Management goals can include creation or implementation of a Total Maximum Daily Load analysis, a Nine Key Element Plan, or other restoration work, education and outreach and more. If specific recommendations exist for this water, they will be displayed below online.
Monitoring the condition of a river, stream, or lake includes gathering physical, chemical, biological, and habitat data. Comprehensive studies often gather all these parameters in great detail, while lighter assessment events will involve sampling physical, chemical and biological data such as macroinvertebrates. Aquatic macroinvertebrates and fish communities integrate watershed or catchment condition, providing great insight into overall ecosystem health. Chemical and habitat parameters tell researchers more about human induced problems including contaminated runoff, point source dischargers, or habitat issues that foster or limit the potential of aquatic communities to thrive in a given area. Wisconsin's Water Monitoring Strategy was recenty updated.
Grants and Management Projects
|WBIC||Official Waterbody Name||Station ID||Station Name||Earliest Fieldwork Date||Latest Fieldwork Date||View Station||View Data|
|2313600||Mercer Lake||263005||Mercer Lake - Mercer S D No 1 Stp||Map||Data|
|2313600||Mercer Lake||263126||Mercer Lake - Deep Hole||8/28/2001||8/30/2020||Map||Data|
|2313600||Mercer Lake||10022092||Mercer Well 7 At Mercer WI||6/16/2008||9/2/2009||Map||Data|
|2313600||Mercer Lake||263129||Mercer Lake at Max Point Of Depth||7/27/2000||8/27/2010||Map||Data|
|2313600||Mercer Lake||10019721||Mercer Lake -- Access||6/20/2008||6/21/2010||Map||Data|
|2313600||Mercer Lake||10022089||Mercer Well 4 At Mercer Wi ||6/16/2008||9/2/2009||Map||Data|
|2313600||Mercer Lake||263177||Mercer Lake - Home Base||9/10/2004||8/26/2016||Map||Data|
|2313600||Mercer Lake||10022090||Mercer Well 5 At Mercer WI||6/16/2008||9/2/2009||Map||Data|
|2313600||Mercer Lake||10022091||Mercer Well 6 At Mercer WI||6/16/2008||5/20/2009||Map||Data|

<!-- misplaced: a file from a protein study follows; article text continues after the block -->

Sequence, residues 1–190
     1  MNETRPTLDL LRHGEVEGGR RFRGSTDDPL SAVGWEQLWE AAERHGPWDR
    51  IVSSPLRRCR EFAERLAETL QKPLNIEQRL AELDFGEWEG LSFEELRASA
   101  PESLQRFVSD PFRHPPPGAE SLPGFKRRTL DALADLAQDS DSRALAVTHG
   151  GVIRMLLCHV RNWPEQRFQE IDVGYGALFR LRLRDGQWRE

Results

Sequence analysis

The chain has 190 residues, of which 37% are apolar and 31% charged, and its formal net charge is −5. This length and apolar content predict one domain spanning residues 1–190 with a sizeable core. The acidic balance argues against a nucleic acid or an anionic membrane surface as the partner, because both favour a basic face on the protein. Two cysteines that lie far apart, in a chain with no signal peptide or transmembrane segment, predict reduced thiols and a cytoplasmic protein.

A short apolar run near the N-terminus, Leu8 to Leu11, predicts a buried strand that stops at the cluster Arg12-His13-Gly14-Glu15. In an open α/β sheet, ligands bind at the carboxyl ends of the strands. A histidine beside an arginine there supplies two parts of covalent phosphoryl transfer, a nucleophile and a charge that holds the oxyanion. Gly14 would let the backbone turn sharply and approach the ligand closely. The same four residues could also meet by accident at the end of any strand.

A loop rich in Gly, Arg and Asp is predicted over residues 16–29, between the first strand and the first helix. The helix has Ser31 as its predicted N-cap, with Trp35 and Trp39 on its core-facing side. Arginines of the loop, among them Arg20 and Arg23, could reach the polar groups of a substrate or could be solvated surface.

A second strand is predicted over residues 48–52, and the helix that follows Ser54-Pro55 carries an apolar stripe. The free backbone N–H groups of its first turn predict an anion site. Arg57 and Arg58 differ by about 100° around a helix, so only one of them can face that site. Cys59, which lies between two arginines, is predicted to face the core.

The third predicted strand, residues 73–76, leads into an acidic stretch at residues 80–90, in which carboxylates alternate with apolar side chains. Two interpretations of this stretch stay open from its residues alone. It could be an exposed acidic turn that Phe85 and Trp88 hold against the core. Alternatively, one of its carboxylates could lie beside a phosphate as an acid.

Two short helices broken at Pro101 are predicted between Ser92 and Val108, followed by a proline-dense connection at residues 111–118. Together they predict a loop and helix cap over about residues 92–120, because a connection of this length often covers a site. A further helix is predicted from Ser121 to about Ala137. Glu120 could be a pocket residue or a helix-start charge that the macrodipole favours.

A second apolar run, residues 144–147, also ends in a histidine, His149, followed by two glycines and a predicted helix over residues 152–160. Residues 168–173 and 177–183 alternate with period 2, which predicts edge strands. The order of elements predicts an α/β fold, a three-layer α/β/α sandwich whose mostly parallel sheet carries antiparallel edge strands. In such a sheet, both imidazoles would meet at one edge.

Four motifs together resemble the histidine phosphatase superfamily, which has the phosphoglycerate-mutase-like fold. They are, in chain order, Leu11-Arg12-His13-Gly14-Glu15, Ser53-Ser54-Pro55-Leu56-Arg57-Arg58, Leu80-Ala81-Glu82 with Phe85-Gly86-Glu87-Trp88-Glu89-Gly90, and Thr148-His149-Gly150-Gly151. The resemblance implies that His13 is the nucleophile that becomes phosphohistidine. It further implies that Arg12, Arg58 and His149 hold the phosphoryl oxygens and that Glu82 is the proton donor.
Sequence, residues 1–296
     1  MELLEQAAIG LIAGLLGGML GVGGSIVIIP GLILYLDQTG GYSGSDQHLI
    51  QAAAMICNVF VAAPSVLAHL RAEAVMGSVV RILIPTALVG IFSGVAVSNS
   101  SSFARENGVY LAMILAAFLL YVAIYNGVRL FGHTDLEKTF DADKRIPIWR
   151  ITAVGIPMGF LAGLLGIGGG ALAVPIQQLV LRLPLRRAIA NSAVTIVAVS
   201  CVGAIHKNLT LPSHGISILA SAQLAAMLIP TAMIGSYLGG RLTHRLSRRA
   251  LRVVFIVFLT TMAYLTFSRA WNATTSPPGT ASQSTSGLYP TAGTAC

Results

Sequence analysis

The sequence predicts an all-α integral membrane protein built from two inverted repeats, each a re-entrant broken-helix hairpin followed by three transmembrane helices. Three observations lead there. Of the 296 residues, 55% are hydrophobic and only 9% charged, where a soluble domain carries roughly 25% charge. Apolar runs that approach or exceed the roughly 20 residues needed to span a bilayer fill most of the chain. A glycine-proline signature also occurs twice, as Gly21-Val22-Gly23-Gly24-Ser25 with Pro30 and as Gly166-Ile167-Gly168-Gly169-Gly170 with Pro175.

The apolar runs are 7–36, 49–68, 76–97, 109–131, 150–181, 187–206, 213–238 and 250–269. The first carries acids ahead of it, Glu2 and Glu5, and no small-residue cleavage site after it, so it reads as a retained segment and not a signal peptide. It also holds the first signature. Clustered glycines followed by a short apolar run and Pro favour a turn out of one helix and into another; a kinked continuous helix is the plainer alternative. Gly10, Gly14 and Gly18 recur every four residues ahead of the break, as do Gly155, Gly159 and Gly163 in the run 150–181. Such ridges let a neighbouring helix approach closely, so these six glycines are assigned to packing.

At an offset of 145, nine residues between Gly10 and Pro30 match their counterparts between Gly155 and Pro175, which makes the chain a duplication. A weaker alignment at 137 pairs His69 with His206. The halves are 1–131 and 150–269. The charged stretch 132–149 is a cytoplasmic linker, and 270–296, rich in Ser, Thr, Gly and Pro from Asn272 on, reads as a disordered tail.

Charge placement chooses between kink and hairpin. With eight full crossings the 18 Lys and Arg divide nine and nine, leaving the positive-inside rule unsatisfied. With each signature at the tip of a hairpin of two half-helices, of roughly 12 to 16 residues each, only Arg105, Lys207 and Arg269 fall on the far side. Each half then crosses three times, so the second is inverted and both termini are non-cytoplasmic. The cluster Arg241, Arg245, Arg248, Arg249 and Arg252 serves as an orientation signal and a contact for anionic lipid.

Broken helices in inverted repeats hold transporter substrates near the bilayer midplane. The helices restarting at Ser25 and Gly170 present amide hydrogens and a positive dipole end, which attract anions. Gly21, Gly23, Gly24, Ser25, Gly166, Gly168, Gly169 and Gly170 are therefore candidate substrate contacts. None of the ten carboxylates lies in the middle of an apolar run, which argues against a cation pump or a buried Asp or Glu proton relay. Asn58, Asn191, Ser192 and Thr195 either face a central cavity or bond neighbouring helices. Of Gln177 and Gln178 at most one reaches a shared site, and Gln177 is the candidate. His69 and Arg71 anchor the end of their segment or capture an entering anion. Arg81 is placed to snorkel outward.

|2313600||Mercer Lake||10014629||Mercer Lake||9/25/2004||4/24/2020||Map||Data|
|2313600||Mercer Lake||264024||Mercer Chain Lake - Mercer Chain Lake||Map||Data|
|2313600||Mercer Lake||10022086||Mercer Well 1 At Mercer WI||6/16/2008||9/2/2009||Map||Data|
|2313600||Mercer Lake||10022087||Mercer Well 2 At Mercer WI||6/16/2008||9/2/2009||Map||Data|
|2313600||Mercer Lake||10022088||Mercer Well 3 At Mercer WI||6/16/2008||9/2/2009||Map||Data|
|2313600||Mercer Lake||10022388||Mercer Lake West Basin Deep Hole||3/20/2008||9/16/2009||Map||Data|
|2313600||Mercer Lake||10037900||Mercer Lake in Outlet Bay at Mercer WI||9/9/2008||10/7/2008||Map||Data|
Mercer Lake is located in the Flambeau Flowage watershed which is 247.18 mi². Land use in the watershed is primarily forest (56.80%), wetland (28.20%) and a mix of open (14.10%) and other uses (0.90%). This watershed has 190.98 stream miles, 10,199.06 lake acres and 43,978.35 wetland acres.
Nonpoint Source Characteristics
This watershed is ranked Not Ranked for runoff impacts on streams, Not Ranked for runoff impacts on lakes and Low for runoff impacts on groundwater and therefore has an overall rank of Low. This value can be used in ranking the watershed or individual waterbodies for grant funding under state and county programs.However, all waters are affected by diffuse pollutant sources regardless of initial water quality. Applications for specific runoff projects under state or county grant programs may be pursued. For more information, go to surface water program grants.